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Re: Adding entries to a directory

From: Carl Fredrik Hammar
Subject: Re: Adding entries to a directory
Date: Wed, 18 Nov 2009 10:21:13 +0100
User-agent: Mutt/1.5.20 (2009-06-14)


On Wed, Nov 18, 2009 at 12:15:16AM +0200, Sergiu Ivanov wrote:
> On Tue, Nov 17, 2009 at 10:29:40PM +0100, Carl Fredrik Hammar wrote:
> >
> > I don't so much want to create a new file access mechanism, as I
> > want to rely on the unioned directories own access mechanism, and let
> > them decide whether to allow Alice to add an entry.  As it is now,
> > unionfs implements an access policy which it *assumes* is the same as
> > the unioned directories.
> Aha, so you are talking about removing access policy implementation
> from unionfs and making unionfs check with the directory whether a
> certain user is allowed to add entries to it?


> > > > I just remembered that io_restrict_auth is described to do the exactly
> > > > what we want.  However, it seems that in practice translators just make
> > > > an intersection of the credentials, so it has the same problem.  :-(
> > > 
> > > Could you please give an example of how would you suggest to use
> > > io_restrict_auth?  The fact is that unionfs, for instance (but I
> > > believe other translator do similarly) does use io_restrict_auth, but
> > > it indeed uses it to do the intersection.  (This is most probably what
> > > you are talking about; I'm just restating it in more detail to avoid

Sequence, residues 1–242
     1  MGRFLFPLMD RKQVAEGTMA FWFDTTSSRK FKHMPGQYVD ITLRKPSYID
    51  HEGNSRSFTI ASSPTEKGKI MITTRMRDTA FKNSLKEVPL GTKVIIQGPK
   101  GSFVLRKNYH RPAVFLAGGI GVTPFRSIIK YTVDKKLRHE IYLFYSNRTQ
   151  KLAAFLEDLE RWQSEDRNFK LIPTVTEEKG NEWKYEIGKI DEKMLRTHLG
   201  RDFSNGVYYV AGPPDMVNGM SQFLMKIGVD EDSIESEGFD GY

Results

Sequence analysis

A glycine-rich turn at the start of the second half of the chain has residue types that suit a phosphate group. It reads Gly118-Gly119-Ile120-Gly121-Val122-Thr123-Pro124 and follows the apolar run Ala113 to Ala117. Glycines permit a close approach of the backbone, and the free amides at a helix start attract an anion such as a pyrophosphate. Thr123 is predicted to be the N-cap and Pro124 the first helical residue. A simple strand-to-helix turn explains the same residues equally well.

> > > ambiguity.)
> > 
> > 1. Alice opens unionfs directory
> > 2. unionfs opens unioned directories using Bob's credentials
> > 3. unionfs restricts auth of directories to Alice's credentials
> > 4. Alice adds entry
> > 5, unionfs adds entry to whichever directory gets new entries
> > 
> > Notice how unionfs doesn't need to check whether Alice is permitted to
> > add the entry.  It simply relies on that the unioned directory does it.
> I see.  The check is ``done'' by the directory, and unionfs simply
> tries adding the entry and stops whenever a directory accepts the
> entry or when it finished traversing the list of directories.

I imagined that you'd only try to add an entry to one of the unioned
directories, otherwise it is hard to predict where the entry will
eventually be placed.

> > Also I looked up how unionfs uses io_restrict_auth, and I'm a bit
> > confused.  It seems it only restricts normal files with the client's
> > credentials.  I can't tell whether it then proxies the file or returns
> > it, but if it is returned then it should be reauthenticated by the client,
> > and then it is best to return a completely unauthenticated port, either by
> > not authenticating it at all, or restricting auth with empty credentials.
> unionfs does not proxy ports to normal files.  The necessity of
> reauthentication arises from the fact that the credentials associated
> with the port unionfs returns may not be the same as those of the
> client, but only a subset of them, right?

Yes, but I also think that it should be possible to forward a not yet
authenticated port without risking privilege escalation.  That is, if you
return an authenticated port, a proxy might think it is safe to return the
port to its own client, which would leak the proxies access to its client.

I'm not entirely sure if this isn't a rule I just made up myself, but
it seems natural to assume that a port returned with FS_RETRY_REAUTH
should be unauthenticated.


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